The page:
Latex balloons are made with 100% natural rubber which means that the balloons can biodegrade completely. The degradation process begins immediately the balloons are inflated and gets quicker as the balloons are exposed to the light. Within an hour the balloon takes on an opaque or milky look, known as oxidation. The length of the degradation process depends on the exposure to UV light, but according to scientific research the length of this process is approximate the same as a leaf from an oak tree under similar environmental conditions.

"Qualatex latex balloons are made from 100% natural latex — not plastic."

Why Latex Balloons go bang when they burst!
Most people believe that the loud noise you hear when Latex balloons burst is due to the sudden release of high pressure gas contained inside the balloon. The fact is that, the bang is caused by the tightly stretched ends of the torn Latex balloon pieces exceeding the speed of sound - creating a "sonic boom - as they quickly snap back to their pre-inflated size. When a tiny crack develops in the surface of an inflated Latex balloon - the resulting rapid release of energy stored in the stretched latex accelerates the crack to near the speed of sound in rubber. Since this speed is much higher than the speed of sound in air, the running crack actually breaks the sound barrier! The loudness of the bang is usually dependent on how much the latex is stretched before it bursts. This is why even small Latex balloons stretched to their limits will often make a much louder BANG when they burst than a larger balloon that is not stretched as tightly.

Party Balloons
Party balloons offer a speedy and easy way to add fun to your parties. Balloons - available in many colours - shapes and sizes are the ultimate party decorations. You can draw faces on them with markers and paints. You can use printed balloons to convey those personal messages to celebrate birthdays and anniversaries and they can also be used in party games.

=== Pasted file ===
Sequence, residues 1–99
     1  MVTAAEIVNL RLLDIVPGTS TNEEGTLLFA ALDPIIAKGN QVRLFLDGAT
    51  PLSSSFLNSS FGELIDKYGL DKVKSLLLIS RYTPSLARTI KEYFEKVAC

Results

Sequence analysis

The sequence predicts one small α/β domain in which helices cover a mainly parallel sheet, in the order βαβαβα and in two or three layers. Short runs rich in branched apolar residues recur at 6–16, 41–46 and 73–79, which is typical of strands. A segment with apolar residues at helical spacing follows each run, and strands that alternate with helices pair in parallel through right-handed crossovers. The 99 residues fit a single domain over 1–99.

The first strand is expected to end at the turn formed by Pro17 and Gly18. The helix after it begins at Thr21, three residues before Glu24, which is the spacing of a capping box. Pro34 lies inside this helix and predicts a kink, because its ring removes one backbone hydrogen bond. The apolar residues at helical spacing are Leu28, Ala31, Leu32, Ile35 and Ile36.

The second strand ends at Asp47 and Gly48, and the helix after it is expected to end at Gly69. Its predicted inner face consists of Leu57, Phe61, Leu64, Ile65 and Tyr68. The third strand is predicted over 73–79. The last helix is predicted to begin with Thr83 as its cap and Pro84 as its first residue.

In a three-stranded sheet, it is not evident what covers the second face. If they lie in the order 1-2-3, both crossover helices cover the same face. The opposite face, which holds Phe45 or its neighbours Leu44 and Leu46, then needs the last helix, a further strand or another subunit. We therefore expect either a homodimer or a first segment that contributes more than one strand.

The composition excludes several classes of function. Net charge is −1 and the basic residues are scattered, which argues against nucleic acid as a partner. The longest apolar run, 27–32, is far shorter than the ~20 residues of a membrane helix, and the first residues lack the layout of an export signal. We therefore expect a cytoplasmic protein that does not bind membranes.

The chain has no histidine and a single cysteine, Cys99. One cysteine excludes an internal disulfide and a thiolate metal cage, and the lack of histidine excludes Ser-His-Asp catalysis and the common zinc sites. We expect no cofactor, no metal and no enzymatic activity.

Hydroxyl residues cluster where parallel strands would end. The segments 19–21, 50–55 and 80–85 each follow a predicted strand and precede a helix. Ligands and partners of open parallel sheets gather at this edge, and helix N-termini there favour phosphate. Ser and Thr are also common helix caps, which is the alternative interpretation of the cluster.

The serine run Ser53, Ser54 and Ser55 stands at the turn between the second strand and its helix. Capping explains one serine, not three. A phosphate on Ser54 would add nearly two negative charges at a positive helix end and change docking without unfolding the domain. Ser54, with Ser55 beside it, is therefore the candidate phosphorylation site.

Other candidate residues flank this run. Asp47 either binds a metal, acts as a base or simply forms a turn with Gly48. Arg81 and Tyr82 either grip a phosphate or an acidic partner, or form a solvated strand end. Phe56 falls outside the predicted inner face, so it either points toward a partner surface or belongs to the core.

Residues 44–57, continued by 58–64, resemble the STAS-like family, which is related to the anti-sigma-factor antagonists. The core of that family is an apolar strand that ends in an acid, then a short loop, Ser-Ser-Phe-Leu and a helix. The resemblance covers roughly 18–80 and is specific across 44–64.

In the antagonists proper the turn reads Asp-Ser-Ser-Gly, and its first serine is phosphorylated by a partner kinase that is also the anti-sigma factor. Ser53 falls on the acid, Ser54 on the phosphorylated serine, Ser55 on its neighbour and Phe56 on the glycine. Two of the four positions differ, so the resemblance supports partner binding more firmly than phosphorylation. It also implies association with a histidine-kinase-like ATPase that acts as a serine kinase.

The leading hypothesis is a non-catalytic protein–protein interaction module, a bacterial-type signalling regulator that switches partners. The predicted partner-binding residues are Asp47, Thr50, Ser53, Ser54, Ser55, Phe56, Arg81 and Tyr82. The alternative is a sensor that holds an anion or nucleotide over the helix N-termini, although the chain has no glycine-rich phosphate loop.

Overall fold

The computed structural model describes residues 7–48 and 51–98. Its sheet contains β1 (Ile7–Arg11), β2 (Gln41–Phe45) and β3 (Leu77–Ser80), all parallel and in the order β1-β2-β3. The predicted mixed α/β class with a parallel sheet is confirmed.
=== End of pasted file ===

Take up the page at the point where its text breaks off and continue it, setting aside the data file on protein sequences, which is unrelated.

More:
The Life of a Balloon
The life of all balloons depends on their atmosphere and the care they are given by the recipient. Latex balloons prefer a cool room and they don't like anything sharp including rough ceilings, or pet claws and teeth. Mylar balloons are pretty tough but will look wrinkled and out of shape if it gets too cold. They also don't like real hot weather because they tend to pop their seams.

Balloons that float when filled with helium
When rubber balloons are filled with helium so that they float, they typically retain their buoyancy for only a day or so. The enclosed helium atoms escape through small pores in the latex which are larger than the helium atoms. Balloons filled with air usually hold their size and shape much longer. Foil balloons retain helium longer (and can be re-filled several times). A foil balloon can float for over 2 weeks so makes a great floating gift item.

Let us create something magical with helium balloons for your celebration!